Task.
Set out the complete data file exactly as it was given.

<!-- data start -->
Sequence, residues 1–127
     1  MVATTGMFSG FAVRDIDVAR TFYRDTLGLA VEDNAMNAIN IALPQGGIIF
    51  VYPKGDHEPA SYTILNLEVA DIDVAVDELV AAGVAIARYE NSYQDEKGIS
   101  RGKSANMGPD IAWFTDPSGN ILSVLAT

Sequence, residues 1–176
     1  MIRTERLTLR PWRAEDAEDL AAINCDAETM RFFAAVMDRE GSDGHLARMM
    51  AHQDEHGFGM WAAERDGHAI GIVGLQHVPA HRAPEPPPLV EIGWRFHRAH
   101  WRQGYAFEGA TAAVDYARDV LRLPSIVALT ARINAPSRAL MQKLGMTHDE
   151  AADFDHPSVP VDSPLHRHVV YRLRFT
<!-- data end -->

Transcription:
Sequence, residues 1–127
     1  MVATTGMFSG FAVRDIDVAR TFYRDTLGLA VEDNAMNAIN IALPQGGIIF
    51  VYPKGDHEPA SYTILNLEVA DIDVAVDELV AAGVAIARYE NSYQDEKGIS
   101  RGKSANMGPD IAWFTDPSGN ILSVLAT

Sequence, residues 1–176
     1  MIRTERLTLR PWRAEDAEDL AAINCDAETM RFFAAVMDRE GSDGHLARMM
    51  AHQDEHGFGM WAAERDGHAI GIVGLQHVPA HRAPEPPPLV EIGWRFHRAH
   101  WRQGYAFEGA TAAVDYARDV LRLPSIVALT ARINAPSRAL MQKLGMTHDE
   151  AADFDHPSVP VDSPLHRHVV YRLRFT